Photos by David Mudd/Genesis

A ready harvest

Back to School | Three Teach for America recruits say we don't have to travel far to discover a ripe mission field

Issue: "School choice," Aug. 25, 2012

NASHVILLE, Tenn.-On a Thursday afternoon in early May, the freshmen in Will Fuller's world geography class are describing their ideal country for their end-of-year presentations. The teens fidget and smile at each other as they take turns stepping to the front of the room to explain their utopian country's government structure, majority religion, welfare policies, and ways to fight crime. Each time a presentation ends, students ask tough questions.

The presentations are part of an in-depth project requiring critical thinking and broad application of the concepts the students have learned throughout the year. They reflect the demanding yet encouraging posters papering the walls of Fuller's classroom. (One lists the qualities of a Fulbright Scholar. Another tracks the students' college admission goals.)

The questions, the posters, the students' quiet conduct as they file out when the bell rings-that's what we might expect at an expensive private school. Yet LEAD Academy is located in a small, somewhat rundown brick building in Elizabeth Park, a Nashville neighborhood. Nearly 40 percent of the residents have incomes below the government's poverty line, and the number of single-mother households is more than triple the state average.

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Fuller teaches at LEAD through Teach for America (TFA), the nonprofit organization that sends recent college graduates and young professionals to teach in low-income areas. But he said that over the past two years, he has dealt with few problems-violence, gangs, classroom control-typically associated with low-income schools: "I've been fortunate that I was placed in the charter school system where we're really set up for success." Across town, two of Fuller's fellow TFA recruits have very different tales to tell.

When walking onto the sprawling, state-of-the-art campus of Cane Ridge High School, one striking detail is how expensive everything looks. Another is how many police cars are out front.

Sophomore math teacher Angela Reuter said the school's $5 million price tag has done little to curb the problems inside its walls: "It's hard because people see this as a really nice school, and yet we have kids in gangs, kids walking around in ankle bracelets, police patrolling the hallways." Security tightened that day because of a fight that broke out the day before. Some of Reuter's students have "already cycled through"-meaning they had "cycled" their way from her class to jail and back again. Pregnancy and drugs, she said, are also common problems.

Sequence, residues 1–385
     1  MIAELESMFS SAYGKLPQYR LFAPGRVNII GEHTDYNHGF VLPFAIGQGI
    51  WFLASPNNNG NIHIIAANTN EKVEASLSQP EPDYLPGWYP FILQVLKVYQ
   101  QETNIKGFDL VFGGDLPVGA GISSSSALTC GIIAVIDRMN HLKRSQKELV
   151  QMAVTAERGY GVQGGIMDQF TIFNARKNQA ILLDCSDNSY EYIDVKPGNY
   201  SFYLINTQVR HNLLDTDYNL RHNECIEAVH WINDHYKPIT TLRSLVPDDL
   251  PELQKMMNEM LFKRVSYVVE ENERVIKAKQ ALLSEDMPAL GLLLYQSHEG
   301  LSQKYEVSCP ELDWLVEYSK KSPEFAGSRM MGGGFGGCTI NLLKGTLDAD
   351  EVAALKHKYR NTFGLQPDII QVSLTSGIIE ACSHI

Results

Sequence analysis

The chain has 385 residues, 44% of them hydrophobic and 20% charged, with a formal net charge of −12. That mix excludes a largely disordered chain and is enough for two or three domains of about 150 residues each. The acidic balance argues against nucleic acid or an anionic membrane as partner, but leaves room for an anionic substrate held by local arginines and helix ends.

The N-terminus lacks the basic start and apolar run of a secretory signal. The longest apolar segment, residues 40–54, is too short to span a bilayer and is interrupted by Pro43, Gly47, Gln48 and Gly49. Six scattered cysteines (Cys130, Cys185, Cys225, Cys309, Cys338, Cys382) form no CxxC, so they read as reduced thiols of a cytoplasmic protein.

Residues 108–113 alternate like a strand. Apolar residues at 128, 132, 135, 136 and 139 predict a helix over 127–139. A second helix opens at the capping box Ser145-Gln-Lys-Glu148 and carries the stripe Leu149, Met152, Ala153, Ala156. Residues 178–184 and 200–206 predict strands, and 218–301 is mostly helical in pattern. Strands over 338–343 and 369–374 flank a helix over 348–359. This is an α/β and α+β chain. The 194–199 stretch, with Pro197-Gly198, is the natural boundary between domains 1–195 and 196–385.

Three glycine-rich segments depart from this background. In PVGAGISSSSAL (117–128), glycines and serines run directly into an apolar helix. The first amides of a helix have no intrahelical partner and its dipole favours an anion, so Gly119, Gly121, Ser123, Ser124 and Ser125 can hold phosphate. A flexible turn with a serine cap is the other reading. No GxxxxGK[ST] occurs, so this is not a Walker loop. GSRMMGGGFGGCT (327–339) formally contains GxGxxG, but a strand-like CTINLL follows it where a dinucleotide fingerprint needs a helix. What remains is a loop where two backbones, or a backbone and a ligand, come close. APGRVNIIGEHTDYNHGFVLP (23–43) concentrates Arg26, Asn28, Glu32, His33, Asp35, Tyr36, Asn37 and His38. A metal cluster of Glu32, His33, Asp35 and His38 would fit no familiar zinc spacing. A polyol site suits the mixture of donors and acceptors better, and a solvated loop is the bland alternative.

Though Reuter's students are only one grade ahead of Fuller's, their demeanor presents a stark contrast. No one responds to the questions Reuter poses until she prods them several times. She stops frequently to warn a loud group of boys. Toward the end of the lesson she discovers others had been listening to music through ear buds.

Michelle Wright, math teacher at Two Rivers Middle school, said even though her students are younger, she faces many of the same issues: Students tell her they will drop out and not attend high school. Already, many "apathetic" students are repeating grades. "They just get shuffled from one school to another," she said. "They'll have disciplinary problems and get expelled from one school and are then sent to our school for a couple of months until we expel them." The day I visited her classroom, the eighth-grade students were on lockdown because of a fight the previous day.

On the surface, the biggest difference between Fuller's experience with TFA and those of Reuter and Wright seems to be Fuller's charter school, which has more autonomy in terms of discipline and resource allocation. But all three said that's oversimplifying the problem-and taking the pressure off Christians to do the hard work Christ calls them to. The real difference they see is that the kids in the charter school have someone in their lives who loves them.

Fuller said up to 95 percent of his school's students qualify for free and reduced lunch based on their low income level. But students must apply to attend LEAD-a tremendous advantage LEAD has over other schools because it means that every student has at least one adult in his life who cared enough to enroll him in a charter school: "A lot of times, it's not even a parent. It's some other relative or family friend. But it is at least someone."

Compare that experience to Reuter's: Most of her students' families have no interest in hearing from the school. Or to Wright's: She describes a track meet that "was a pretty big event because the team had gone from district to regional to finally the city, and it was the last competition of the year. Out of 14 kids, only one had a parent show up. And this was something that they'd worked for the entire season."


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